Yuan T. Lee Biography, Life, Interesting Facts
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Yuan T. Lee is a Taiwanese Chemist won the Nobel Prize in Chemistry in 1986. Born on November 19, 1936, he shared the award with American Dudley R. Herschbach and Hungarian-Canadian John C. Polanyi "for their contributions to the dynamics of elementary chemical processes." Yuan T. Lee works in the field of physical chemistry included using advanced chemical kinetics techniques in investigating and manipulating the behavior of chemical reactions with molecular beams. Yuan T. Lee was the President of the Academia Sinica of Taiwan from 1994 to 2006. Yuan T. Lee also became the head of the International Council for Science in 2001.
Early Life And Education
Yuan T. Lee was born to Lee Tze-fan and Ts'ai P'ei on November 19, 1936, in Shinchiku City in northern Taiwan, then under Japanese rule. His father was a prominent artist and his mother an elementary school teacher. Yuan T. Lee had an interest in sports growing u and therefore participated in various sporting activities during his school days. His elder brother Yuan-Chuan Lee became a professor at John Hopkins University, his younger brother is Yuan-Pern Lee, and his sister Chi-Mei Lee became a professor in National Chung Hsing University Yuan T. Lee started his education in Hsinchu Elementary School where Yuan T. Lee played baseball and ping-pong. He continued his education at the Hsinchu Senior High School, where Yuan T. Lee also played tennis and trombone.
After graduating, Yuan T. Lee enrolled at the National Taiwan University and did not take entrance exams due to his excellent academic achievement in high school. Yuan T. Lee graduated with a BSc in 1959. In 1961, Yuan T. Lee received his M.S at the National Tsing Hua University and also obtained his Ph.D. in 1965 at the University of California, Berkeley under the supervision of Bruce H. Mahan. From 1977 to 1984, Yuan T. Lee served as a member of the Chemistry International Board.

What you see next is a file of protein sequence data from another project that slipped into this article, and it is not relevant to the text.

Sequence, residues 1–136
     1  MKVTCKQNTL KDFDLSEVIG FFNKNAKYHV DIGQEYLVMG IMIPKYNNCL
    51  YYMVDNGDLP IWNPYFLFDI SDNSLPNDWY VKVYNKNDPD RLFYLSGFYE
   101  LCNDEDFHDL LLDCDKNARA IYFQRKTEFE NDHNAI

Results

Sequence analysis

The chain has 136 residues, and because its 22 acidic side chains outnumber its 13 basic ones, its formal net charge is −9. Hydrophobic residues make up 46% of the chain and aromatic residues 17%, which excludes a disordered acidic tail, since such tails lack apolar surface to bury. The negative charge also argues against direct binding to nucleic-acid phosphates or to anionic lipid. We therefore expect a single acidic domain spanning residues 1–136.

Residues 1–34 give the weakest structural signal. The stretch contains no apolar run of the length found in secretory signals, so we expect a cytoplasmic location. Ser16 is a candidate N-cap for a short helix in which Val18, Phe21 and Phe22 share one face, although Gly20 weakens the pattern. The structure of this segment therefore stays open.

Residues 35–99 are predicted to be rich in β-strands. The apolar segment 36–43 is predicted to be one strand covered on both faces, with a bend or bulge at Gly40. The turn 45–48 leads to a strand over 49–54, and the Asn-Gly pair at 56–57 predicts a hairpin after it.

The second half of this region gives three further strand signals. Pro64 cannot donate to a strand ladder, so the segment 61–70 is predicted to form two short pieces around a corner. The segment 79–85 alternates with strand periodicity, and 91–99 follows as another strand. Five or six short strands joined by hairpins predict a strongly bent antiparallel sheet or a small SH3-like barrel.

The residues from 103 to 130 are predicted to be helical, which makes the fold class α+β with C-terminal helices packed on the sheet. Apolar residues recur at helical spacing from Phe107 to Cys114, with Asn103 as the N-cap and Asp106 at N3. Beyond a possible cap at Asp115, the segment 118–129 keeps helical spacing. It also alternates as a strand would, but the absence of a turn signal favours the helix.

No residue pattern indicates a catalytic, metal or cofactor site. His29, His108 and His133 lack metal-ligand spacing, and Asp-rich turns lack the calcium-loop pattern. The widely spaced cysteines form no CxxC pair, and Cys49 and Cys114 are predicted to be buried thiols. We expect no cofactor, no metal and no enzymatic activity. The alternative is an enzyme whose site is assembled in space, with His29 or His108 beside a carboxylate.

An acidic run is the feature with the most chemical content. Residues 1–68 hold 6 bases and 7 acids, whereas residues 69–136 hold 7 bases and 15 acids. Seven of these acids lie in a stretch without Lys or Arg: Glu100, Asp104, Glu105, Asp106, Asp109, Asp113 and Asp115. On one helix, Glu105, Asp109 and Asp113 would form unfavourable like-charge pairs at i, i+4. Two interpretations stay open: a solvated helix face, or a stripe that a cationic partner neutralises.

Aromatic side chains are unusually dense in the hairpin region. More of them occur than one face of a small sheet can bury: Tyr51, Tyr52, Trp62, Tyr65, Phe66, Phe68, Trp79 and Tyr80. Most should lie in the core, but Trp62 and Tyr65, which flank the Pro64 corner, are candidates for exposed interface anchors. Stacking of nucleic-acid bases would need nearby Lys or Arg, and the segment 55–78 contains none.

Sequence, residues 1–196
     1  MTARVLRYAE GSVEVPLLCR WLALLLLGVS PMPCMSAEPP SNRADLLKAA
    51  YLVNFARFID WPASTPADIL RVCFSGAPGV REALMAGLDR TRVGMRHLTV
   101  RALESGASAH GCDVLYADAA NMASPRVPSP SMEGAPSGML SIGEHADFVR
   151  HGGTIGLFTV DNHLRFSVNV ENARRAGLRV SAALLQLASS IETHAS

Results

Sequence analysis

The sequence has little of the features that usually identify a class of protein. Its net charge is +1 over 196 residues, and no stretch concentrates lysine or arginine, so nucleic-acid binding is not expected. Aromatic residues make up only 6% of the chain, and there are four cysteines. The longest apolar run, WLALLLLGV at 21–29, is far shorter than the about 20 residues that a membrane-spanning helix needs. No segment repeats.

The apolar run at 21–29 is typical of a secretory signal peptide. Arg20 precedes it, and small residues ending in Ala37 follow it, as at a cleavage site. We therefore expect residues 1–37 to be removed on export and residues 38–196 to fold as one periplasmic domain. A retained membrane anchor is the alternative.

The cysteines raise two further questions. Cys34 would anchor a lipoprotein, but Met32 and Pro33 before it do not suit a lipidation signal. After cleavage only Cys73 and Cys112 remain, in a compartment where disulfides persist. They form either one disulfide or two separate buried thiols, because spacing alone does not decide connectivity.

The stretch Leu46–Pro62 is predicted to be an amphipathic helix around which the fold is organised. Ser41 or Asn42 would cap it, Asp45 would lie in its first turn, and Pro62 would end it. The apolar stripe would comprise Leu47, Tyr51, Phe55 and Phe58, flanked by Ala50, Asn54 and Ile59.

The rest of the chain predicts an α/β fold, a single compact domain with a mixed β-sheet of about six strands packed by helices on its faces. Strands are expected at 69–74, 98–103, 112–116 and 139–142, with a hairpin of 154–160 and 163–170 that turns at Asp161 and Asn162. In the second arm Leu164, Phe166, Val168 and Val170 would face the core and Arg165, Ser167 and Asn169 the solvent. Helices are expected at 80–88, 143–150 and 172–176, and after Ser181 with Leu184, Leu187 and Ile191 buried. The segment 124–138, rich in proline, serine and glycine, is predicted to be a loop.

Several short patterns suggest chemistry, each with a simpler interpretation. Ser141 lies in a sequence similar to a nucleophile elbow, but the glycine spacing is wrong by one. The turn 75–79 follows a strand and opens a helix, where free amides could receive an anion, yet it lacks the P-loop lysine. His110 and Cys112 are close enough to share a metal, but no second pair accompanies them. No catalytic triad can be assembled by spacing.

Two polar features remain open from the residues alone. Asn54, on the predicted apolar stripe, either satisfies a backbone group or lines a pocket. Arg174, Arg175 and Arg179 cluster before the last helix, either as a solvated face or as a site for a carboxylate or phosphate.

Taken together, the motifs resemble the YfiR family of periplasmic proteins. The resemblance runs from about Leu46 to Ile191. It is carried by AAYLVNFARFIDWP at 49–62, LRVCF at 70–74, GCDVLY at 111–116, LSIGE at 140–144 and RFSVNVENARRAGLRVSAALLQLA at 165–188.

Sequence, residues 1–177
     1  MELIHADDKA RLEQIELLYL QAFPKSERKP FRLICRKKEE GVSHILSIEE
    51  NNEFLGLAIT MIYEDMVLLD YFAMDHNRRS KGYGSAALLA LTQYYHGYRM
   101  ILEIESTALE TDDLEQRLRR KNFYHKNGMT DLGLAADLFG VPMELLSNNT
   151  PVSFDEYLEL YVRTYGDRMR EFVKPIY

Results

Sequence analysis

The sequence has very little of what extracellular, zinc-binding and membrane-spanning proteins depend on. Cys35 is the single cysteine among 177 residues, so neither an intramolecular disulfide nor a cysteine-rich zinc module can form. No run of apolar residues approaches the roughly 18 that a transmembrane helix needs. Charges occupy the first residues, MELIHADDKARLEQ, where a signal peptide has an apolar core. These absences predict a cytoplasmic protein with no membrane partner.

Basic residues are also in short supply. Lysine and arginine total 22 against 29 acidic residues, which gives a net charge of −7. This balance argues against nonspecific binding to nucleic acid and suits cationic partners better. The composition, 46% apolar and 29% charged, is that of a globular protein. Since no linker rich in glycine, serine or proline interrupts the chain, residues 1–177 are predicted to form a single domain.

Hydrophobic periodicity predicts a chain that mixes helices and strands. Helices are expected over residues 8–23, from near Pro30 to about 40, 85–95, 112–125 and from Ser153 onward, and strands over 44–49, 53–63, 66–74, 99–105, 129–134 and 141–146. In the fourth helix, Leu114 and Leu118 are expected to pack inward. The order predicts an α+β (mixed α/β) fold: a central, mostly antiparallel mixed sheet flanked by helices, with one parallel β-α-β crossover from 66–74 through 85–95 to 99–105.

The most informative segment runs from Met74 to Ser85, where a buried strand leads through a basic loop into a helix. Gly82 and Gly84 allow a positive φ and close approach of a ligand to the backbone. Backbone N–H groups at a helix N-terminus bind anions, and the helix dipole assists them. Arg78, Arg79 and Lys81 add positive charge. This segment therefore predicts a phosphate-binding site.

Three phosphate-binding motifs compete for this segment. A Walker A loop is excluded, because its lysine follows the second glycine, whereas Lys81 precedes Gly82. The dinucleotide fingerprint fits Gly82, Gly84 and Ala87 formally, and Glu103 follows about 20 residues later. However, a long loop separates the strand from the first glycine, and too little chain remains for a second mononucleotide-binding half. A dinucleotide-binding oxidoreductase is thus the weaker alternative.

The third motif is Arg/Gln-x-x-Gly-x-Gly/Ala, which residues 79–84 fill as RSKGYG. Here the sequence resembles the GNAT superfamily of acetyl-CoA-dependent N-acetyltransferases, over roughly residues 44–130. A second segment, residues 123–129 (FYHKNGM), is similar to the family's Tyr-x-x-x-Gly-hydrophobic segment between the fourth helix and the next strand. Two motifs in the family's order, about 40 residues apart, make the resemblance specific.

After earning his Ph.D., Yuan T. Lee worked with Dudley Herschbach at Harvard University on the construction of universal crossed molecular beams equipment and the reactions between hydrogen atoms and atomic alkali molecules in 1967. In 1968, Yuan T. Lee joined the University of Chicago. After spending six years in Chicago, he returned to the University of California as a professor of chemistry in 1974. Yuan T. Lee was also the principal investigator at the Lawrence National Laboratory at the University. Yuan T. Lee became a citizen of the United States in the same year. He has been a University Professor Emeritus of the University of California system. Yuan T. Lee became the President of the Academia Sinica of Taiwan from January 15, 1994, to October 19, 2006.
Yuan T. Lee built on research done by others on kinetic chemistry since the 18th century. His research was mainly focused on how to control the energies exerted by reagents and to digest the dependence of chemical reactivity on molecular orientation. Yuan T. Lee also delved into the nature of reaction intermediates, decay dynamics, and identifying complex reaction mechanisms. Yuan T. Lee used the technique known as the “crossed molecular beams technique” in his research into the subjects. With this technique, information received from measurements of angular and velocity distributions enabled him and his team of researchers including American Dudley R. Herschbach and Hungarian-Canadian John C. Polanyi to understand the dynamics of elementary chemical reactions. This research won them the Nobel Prize in Chemistry for "for their contributions to the dynamics of elementary chemical processes."
Yuan T. Lee is married to Bernice Wu Chin-li his childhood friend from elementary school. The couple has three children, Ted, Sidney, and Charlotte. He was among the 22 Nobel Laureates who signed the Humanist Manifesto in 2003. He renounced his US citizenship in 1994 to pick the position of President of the Academia Sinica in Taiwan.
Awards And honors
Yuan T. Lee has received several awards aside from his Nobel Prize award including the Harrison Howe Award, Peter Debye Award, National Medal of Science, and the Othmer Gold Award. He is a Sloan Fellow, Fellow of American Academy of Arts and Sciences, Member of International Academy of Science and a Guggenheim Fellow among several others.